Lawyers for a doctor charged with killing five viable fetuses at an Elkton clinic said in a court motion filed Friday that Maryland lacks jurisdiction because the deaths occurred in New Jersey, and the charges should be thrown out.
Steven C. Brigham, of Voorhees, N.J., faces five counts of first-degree murder and other charges. Another doctor, Nicola I. Riley, is charged with one count of first-degree murder. Both have been freed on bail pending trial.
The motion filed by Brigham's attorneys — C. Thomas Brown and former Maryland public defender Nancy S. Forster — criticizes the indictment for "cryptically" identifying all but one of the fetuses by numbers, such as "CR 2-103."
The motion also says that "the place where the fetal demise occurred was in New Jersey and not in Maryland, thus depriving the state of territorial jurisdiction. … Unless the state's actual intent is to prohibit lawful abortions, the essential element of murder of a viable fetus is the actual death of the fetus and not the evacuation of the dead fetus. The death of the fetuses that are the subject of counts one through eight all occurred in New Jersey."
The Elkton cases mark the first time the state's fetal homicide law has been used to target a doctor performing an abortion. Brigham's attorneys argue that he is immune from prosecution because Maryland's fetal homicide law says doctors cannot be held liable "for fetal deaths that occur in the course of administering lawful medical care."
Maryland law generally prohibits abortions when fetuses have a reasonable likelihood of sustained life outside the womb, but allows exceptions when the mother's life or health is in danger.
The Cecil County state's attorney, who did not return phone calls seeking comment Friday, has said the case puts him in "uncharted territory." Prosecutors have not yet filed responses to motions by attorneys for Brigham and Riley.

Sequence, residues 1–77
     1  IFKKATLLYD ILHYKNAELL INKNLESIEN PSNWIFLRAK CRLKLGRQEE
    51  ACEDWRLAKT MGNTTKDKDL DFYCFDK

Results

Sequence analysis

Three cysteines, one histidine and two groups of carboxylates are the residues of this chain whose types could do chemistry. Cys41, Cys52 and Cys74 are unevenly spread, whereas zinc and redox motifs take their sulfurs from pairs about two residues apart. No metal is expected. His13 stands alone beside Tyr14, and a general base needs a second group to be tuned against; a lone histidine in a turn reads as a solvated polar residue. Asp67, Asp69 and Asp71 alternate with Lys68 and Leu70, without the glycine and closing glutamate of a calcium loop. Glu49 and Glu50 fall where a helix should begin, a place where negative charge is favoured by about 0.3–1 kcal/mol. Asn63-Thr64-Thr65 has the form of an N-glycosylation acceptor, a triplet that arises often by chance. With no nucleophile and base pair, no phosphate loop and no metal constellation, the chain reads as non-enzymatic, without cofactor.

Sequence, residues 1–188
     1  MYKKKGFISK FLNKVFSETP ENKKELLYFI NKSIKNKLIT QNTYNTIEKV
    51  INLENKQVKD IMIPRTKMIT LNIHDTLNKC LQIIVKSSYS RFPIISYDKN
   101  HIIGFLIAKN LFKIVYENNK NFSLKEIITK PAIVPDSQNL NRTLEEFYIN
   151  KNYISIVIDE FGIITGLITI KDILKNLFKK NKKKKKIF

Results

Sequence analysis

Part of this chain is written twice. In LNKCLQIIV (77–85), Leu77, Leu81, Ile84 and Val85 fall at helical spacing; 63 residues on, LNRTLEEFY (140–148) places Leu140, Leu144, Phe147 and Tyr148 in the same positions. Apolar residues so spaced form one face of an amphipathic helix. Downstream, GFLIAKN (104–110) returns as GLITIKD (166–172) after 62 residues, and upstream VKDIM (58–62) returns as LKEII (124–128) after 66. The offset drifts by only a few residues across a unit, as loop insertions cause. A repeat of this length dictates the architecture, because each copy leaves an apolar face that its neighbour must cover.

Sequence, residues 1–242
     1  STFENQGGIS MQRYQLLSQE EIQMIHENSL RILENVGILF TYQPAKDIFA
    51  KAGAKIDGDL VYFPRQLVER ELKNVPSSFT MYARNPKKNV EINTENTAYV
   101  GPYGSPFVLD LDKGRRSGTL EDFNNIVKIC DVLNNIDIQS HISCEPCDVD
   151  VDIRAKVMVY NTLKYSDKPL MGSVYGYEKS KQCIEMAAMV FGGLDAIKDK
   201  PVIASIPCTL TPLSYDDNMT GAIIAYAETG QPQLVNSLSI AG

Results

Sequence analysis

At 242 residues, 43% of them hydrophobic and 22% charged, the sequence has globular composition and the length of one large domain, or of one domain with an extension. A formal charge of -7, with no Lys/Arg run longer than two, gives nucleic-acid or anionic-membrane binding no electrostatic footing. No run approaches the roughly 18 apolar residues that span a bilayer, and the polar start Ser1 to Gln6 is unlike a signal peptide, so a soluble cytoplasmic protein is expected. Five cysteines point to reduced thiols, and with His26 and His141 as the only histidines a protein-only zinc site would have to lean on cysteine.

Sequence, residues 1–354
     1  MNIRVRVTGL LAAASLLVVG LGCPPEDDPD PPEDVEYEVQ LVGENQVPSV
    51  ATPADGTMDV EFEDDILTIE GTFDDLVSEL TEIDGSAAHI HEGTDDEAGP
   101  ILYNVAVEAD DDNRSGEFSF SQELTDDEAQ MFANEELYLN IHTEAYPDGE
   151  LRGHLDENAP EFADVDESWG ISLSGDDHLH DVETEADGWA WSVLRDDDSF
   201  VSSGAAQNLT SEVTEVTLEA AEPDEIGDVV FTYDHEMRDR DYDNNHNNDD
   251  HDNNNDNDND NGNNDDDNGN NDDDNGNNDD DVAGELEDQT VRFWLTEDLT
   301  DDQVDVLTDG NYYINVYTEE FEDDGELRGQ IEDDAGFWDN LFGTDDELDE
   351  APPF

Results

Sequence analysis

The abortion that triggered the police investigation occurred in August 2010 when an 18-year-old began a procedure in New Jersey, in which her uterus was dilated. A Maryland physicians board said the doctors had the woman drive herself to the Elkton clinic, where police said her uterus ruptured and she was rushed to a hospital.
Maryland regulators have criticized Riley and Brigham for starting abortions in one state and finishing them in another. Riley's medical license has been suspended in Maryland; Brigham was never licensed in the state.
But the motion filed Friday alleges for the first time that the fetuses subject to the criminal complaint were all dead before the women reached the clinic in Elkton. Police have said they found nearly three dozen fetuses in the Elkton clinic's freezer, some at 20 to 35 weeks of gestation.
Last week, Riley's attorneys filed a motion arguing that the state law is illegal because it counters a woman's constitutionally protected right to have an abortion. The attorneys contended that the law was really aimed at curbing domestic violence against pregnant women — for example, in an assault that led to the death of an unborn child, a husband might be charged under the law. Brigham's attorneys echoed that theme on Friday.
A tentative court date to argue motions has been set for May in Cecil County Circuit Court.Copyright © 2015, CT Now